Pi Zero in a NES Controller


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Hacking apart a NES controller, add a Pi Zero to make a retro games toy.

Inspired by usedbytes project, add a LiPo battery for portability/demos/ups.

Using a 'proper' NES controller to simplify the build.

Aim is to keep the original case and controller aesthetic.

JPEG Image - 462.95 kB - 06/15/2016 at 22:57


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  • 1 × Raspberry Pi Zero Desolder the camera connector and Power Micro USB!
  • 1 × Cheap NES Controller One with a NES connector, not a USB one.
  • 1 × MicroSD Card with RetroPie Installed
  • 1 × Adafruit PowerBoost 500 Charger To avoid opening the case to replace the battery
  • 1 × 850 mAH Battery Needs to be physically small, this is the biggest I think I can cram in!

View all 10 components

  • Progress

    P.Mo06/15/2016 at 23:50 0 comments

    Power switch added, LED fitted but not wired.

    Should concealed button shut down the pi, or hard reset it? Decisions...

  • First Light

    P.Mo06/13/2016 at 00:35 0 comments

    Got the majority of the hardware setup and working, still to do is adding the power switch, wiring the reset button and sorting out the bicolour LED.

    Actually the power boost LED and Pi activity LED shine through the case with a cool glow, so not sure what to do with the remaining LED. Pi Power as I removed the LED from the power boost to make everything fit?

View all 2 project logs

  • 1
    Step 1

    Step 1: Disassemble and strip stuff down

    Remove three screws from the back and gently prise open the case. Then remove the one screw holding the PCB and remove all the controller buttons. Keep it all in a bag somewhere as the screws are small and easy to lose!

    Using a dremel and a set of files, remove material internal pillars and flanges as shown in the images.

    Remove the power micro-usb from the Pi zero, I also removed the camera connector to save me having any issues with it later.

    From the power boost I had to remove the LED labelled PWR, this was to make it fit in the case and I might relocate to the 5mm case LED. Alternatively route a micro USB cable through the existing case cable mount and drop the case LED completely, this would save creating a separate power opening later.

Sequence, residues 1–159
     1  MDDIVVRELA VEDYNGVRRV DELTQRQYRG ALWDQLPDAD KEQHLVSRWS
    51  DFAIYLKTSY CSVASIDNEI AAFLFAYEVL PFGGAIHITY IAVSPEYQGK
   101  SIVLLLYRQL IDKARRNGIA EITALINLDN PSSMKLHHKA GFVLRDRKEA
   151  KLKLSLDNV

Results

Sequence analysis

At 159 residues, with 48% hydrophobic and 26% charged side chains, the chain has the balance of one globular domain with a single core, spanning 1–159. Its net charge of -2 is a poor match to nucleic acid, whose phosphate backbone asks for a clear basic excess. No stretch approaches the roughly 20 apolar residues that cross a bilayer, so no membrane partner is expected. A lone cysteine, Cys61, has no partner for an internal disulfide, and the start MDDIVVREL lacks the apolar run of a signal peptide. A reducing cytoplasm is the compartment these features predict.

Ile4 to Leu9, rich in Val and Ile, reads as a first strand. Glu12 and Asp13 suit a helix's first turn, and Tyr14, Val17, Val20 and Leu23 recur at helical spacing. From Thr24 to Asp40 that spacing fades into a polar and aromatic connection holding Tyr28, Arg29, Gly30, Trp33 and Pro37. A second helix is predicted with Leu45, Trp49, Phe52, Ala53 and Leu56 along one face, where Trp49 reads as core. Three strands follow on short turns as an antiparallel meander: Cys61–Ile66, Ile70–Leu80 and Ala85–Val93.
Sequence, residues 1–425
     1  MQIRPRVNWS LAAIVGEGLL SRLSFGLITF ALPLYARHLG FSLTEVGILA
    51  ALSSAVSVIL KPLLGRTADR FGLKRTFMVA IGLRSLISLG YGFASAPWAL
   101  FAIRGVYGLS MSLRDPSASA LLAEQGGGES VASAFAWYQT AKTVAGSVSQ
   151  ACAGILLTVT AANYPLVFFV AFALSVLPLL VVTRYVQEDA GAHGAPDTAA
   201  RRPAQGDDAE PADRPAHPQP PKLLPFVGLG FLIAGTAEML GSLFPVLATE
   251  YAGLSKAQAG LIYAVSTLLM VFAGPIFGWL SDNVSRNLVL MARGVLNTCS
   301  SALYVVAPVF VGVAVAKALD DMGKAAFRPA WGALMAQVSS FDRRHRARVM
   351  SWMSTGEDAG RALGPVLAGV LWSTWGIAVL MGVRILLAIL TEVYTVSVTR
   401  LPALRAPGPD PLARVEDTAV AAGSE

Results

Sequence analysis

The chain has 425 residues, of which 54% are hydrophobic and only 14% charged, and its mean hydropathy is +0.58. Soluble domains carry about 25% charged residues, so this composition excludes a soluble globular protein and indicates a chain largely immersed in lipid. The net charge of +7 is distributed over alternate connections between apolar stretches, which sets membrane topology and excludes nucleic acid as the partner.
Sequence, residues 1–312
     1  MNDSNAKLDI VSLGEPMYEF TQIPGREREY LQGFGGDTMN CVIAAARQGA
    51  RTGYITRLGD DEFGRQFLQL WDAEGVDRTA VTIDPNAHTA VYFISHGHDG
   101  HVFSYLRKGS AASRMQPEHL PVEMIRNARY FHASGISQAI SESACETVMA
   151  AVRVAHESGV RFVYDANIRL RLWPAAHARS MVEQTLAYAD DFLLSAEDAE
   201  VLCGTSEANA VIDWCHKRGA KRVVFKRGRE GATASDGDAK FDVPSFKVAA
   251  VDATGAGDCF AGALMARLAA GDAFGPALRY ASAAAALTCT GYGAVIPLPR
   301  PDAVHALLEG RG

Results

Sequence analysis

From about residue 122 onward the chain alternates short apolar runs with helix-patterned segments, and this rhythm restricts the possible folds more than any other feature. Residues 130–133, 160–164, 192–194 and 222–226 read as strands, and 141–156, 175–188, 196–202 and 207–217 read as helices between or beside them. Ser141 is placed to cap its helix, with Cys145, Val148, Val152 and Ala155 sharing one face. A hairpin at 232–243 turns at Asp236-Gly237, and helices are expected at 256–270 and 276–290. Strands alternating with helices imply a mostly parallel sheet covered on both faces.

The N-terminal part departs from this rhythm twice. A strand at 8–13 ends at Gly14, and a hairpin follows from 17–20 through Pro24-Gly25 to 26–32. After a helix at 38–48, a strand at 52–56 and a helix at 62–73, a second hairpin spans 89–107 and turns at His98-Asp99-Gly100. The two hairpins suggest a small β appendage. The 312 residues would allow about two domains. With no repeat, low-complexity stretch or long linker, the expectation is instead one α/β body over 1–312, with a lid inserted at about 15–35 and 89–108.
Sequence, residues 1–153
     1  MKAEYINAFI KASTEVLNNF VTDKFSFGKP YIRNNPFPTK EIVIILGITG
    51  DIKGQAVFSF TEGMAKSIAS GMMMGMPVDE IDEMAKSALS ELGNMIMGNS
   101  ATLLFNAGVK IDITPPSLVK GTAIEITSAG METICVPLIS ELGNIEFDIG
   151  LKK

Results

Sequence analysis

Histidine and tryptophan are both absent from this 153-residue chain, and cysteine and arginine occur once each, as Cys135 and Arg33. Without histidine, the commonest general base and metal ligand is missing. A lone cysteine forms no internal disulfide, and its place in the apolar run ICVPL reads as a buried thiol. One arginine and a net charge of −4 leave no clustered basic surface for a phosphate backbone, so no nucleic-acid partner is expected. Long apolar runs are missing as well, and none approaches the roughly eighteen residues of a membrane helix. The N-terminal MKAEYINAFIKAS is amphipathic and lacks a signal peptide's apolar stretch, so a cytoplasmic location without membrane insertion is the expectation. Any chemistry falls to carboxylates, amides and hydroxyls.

• 2
    Step 2

    Step 2: Add mounting bits

    The pit sits on the base of the controller, so material is removed from one side of the clam-shell only (see photos).

    The PowerBooster sits next to the Pi, and needs a spacer (a couple of m2 nuts and a push button worked for me) to mount it at a nice level. File back a slot in the other side of the pi case (no picture for this one I'm afraid).

    Apply a chamfer to the ports, so they 'open up' as they go into the case - this will make it easier to locate the hardware and helps with the flanges on the micro-usb port.

    Solder wires from the PowerBoost output directly to the Pi GPIO 5V and ground pins; don't bother with the included bulky USB or terminal block.

    The push button is soldered to the reset pin of the Pi (to be used in emergencies) while the small switch can be mounted to fully power on/off the Pi zero - remember to shutdown where possible to avoid SD card corruption.

    The LiPo sits in the other shell piece of the controller. It's a snug fit (tucked under the controller PCB) so make sure you have removed all traces of the internal structure it would clash with.

  • 3
    Step 3

    Step 3: Assemble and test

    Taking the PCB check the traces match up to the colours below and then solder directly to the Pi. Add a blob of hot glue to act as strain relief on the wires once you have checked it all works.

    NES PinWire ColourSignalGPIO
    1WhiteGroundAny GND
    4BrownDataGPIO2,3,4 or 7
    7Red+V+3V3 (NOT +5V)

    Plug the LiPo in, and tape all wires safely in place with electrical tape.

    Reinstall the controller buttons and screw the controller PCB back in place, ensuring that it sits true.

    Clip the two halves together, you may need to make some adjustments to make sure no wires are trapped and the case closes without bulging. Reinstall the screws (you can drill out and use some of the unused ones if you want) and the hardware mods are done!

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Enjoy this project?



Sam Hanley wrote 03/17/2017 at 02:16 point

Thanks so much for the info on the controller (and sorry for taking so long to say so, hah!)! One more question - do you remember where you sourced the 850mAh battery from? I ordered what looked like the exact same ones from Sparkfun, but they seem to be wider than the one you had, and there's no way it's fitting in the controller. Hoping I don't have to drop down to a 500mAh. Thanks in advance! :)

  Are you sure? yes | no

P.Mo wrote 05/20/2017 at 20:18 point

I got it from I did a lot of searching till I came across one that would fit.

  Are you sure? yes | no

P.Mo wrote 01/29/2017 at 18:03 point

It was called '8 Bit Gaming Controller Joystick for Nintendo NES System Console Classic Style' from

  Are you sure? yes | no

Sam Hanley wrote 01/29/2017 at 15:01 point

Great job on this awesome build! Question for you - do you know what the brand is of the "cheap NES controller" you used for the build? I've tried a couple but the PCB in the ones I've found is way bigger, meaning I'm not able to fit all the other components around it. I'd appreciate any info you've got!

  Are you sure? yes | no

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